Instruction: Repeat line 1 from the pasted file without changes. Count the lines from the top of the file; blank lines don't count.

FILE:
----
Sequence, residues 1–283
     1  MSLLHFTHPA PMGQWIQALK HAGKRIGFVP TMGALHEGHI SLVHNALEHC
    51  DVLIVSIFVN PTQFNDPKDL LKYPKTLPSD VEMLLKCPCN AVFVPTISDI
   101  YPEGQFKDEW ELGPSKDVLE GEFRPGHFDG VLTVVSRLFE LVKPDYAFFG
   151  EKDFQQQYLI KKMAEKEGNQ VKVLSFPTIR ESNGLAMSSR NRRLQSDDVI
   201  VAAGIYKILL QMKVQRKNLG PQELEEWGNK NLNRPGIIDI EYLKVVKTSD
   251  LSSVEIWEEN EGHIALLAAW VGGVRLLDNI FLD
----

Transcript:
Sequence, residues 1–283